You want to become an ICF credentialed coach. Congratulations!
The ICF values excellence in the coaching world and has been the leading standard setter since the inception of professional coaching.
Holding an ICF credential is an enriching journey. It means that you have met the highest coaching standards and have been trained by a quality program.
The ICF has two credentialing paths for newer and seasoned coaches. They also outline three levels of coaching ability: foundational, proficiency, and mastery.
This overview gives you a summary of what to consider and how to determine which path is a better fit for you.
LEVEL ONE: ACC
The ICF has the Associate Certified Coach (ACC) level. In the coaching world, this is comparable to having a bachelor’s degree in coaching.
ACC programs provide the foundation of coaching and give you enough basics to add coaching to another profession skillfully.
For example, if you are an HR Director and want to embed coaching into conversations with employees or a team process, then the ACC-level training is perfect for your situation.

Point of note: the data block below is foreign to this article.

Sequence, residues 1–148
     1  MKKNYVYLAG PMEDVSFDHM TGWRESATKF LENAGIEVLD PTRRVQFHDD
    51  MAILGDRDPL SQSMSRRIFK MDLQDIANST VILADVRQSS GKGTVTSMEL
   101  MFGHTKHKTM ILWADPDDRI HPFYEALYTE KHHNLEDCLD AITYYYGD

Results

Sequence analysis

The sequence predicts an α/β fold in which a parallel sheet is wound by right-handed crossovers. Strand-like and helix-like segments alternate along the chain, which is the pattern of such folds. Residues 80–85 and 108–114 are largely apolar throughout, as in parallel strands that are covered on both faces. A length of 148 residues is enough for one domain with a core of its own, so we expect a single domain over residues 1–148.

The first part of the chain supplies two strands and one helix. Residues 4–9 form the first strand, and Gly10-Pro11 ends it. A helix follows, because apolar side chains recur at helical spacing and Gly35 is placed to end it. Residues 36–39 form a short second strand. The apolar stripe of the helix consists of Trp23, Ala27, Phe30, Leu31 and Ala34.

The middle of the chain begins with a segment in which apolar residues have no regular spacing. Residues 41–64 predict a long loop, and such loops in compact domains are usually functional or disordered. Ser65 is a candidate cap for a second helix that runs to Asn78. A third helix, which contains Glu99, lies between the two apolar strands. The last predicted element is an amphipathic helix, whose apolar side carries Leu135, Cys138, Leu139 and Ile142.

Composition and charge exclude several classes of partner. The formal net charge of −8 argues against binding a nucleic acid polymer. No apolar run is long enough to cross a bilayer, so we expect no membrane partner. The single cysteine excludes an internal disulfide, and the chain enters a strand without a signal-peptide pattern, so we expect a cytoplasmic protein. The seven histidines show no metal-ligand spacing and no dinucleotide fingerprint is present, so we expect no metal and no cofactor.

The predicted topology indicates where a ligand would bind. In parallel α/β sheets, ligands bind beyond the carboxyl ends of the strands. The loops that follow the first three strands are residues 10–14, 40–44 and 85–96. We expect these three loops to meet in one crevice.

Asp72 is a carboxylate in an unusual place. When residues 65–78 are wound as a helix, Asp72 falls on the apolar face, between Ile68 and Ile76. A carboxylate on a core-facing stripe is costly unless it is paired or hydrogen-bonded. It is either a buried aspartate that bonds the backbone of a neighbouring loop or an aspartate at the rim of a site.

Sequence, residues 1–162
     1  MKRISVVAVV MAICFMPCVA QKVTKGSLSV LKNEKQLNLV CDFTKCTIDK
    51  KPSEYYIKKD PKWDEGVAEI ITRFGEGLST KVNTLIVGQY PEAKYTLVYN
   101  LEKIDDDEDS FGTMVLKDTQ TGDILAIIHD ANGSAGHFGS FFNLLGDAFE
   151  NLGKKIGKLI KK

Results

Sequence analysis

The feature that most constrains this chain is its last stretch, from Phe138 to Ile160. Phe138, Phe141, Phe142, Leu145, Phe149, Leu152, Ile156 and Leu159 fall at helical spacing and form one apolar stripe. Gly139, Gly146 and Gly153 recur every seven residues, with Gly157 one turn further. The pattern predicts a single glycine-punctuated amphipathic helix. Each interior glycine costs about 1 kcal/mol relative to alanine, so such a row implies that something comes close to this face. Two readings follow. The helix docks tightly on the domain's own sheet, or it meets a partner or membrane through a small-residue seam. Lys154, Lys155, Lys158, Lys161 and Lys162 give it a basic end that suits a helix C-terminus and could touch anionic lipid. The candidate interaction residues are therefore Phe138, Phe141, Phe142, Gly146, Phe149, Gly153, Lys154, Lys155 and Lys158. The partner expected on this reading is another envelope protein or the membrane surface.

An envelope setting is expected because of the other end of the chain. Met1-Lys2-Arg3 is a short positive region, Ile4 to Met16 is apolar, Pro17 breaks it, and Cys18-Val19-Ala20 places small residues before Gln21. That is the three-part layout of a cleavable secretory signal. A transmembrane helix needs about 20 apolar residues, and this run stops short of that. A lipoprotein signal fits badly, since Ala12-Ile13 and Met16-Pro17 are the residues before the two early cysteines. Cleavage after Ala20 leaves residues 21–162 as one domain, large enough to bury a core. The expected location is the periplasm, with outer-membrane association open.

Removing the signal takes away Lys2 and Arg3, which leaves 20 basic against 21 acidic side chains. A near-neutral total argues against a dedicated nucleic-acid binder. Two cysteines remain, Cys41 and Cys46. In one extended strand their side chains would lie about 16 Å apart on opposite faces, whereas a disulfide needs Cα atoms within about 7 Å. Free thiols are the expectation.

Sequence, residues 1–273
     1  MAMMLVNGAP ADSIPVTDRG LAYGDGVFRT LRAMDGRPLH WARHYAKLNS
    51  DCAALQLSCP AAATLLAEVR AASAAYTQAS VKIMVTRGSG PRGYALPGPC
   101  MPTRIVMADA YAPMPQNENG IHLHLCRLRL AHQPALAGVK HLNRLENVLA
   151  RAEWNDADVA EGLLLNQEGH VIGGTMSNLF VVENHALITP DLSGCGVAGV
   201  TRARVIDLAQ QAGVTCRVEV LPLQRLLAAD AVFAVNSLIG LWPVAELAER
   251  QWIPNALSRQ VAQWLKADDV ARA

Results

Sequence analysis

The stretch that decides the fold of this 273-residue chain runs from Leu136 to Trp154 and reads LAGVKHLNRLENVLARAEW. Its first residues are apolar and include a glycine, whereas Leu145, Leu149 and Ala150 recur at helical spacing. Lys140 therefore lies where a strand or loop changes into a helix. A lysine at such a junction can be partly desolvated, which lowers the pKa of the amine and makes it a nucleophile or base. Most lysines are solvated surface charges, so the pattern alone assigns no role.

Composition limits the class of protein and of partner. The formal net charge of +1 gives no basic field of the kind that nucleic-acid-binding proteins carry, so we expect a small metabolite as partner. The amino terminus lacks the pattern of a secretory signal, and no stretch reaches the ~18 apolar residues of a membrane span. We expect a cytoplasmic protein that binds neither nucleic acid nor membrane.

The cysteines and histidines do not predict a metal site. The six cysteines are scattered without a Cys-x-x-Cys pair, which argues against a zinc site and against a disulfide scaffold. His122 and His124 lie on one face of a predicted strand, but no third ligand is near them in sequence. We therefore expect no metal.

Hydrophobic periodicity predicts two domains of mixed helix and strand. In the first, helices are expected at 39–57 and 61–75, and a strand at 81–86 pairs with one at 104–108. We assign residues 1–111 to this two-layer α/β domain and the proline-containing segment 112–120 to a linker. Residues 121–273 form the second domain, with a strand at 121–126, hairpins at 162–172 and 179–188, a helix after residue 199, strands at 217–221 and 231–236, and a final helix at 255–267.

Another example of adding coaching skills to an already existing career is when consultants realize a client’s mindset is impeding progress. In this scenario, adding basic coaching skills helps the consultant up-level their client’s capacity for success.
LEVEL TWO: PCC
The next level up is the Professional Certified Coach (PCC). This level would be equivalent to a master’s degree in the coaching world. PCC is the most sought-after level of training.
The ICF considers PCC-level training to be the complete coach training program. This level teaches more advanced coaching skills and prepares you to contract with private clients.
Your skills are evaluated at this training level, and you are given feedback, so you know if you are meeting quality coaching standards.
This level of training is the perfect path if you wish to establish yourself as a professional coach, launch a coaching business, and contract with private clients or companies.
LEVEL THREE: MCC
The highest level is the Master Certified Coach (MCC). In the coaching world, holding an MCC credential would be akin to having a doctorate in coaching.
MCC is an option once you have been a professional coach for years, completed 2500 hours of professional coaching, and attended a level three training.
Which path is best for me? To determine which path is the best fit for you, consider which of these scenarios apply to you.
A Professional Growing a Private Clientele:
Managers, Directors & HR Professionals:
Leaders Fostering a Coaching Culture:
Psychologists, Physicians & Therapists:
You can review our ACC program here and PCC level program here.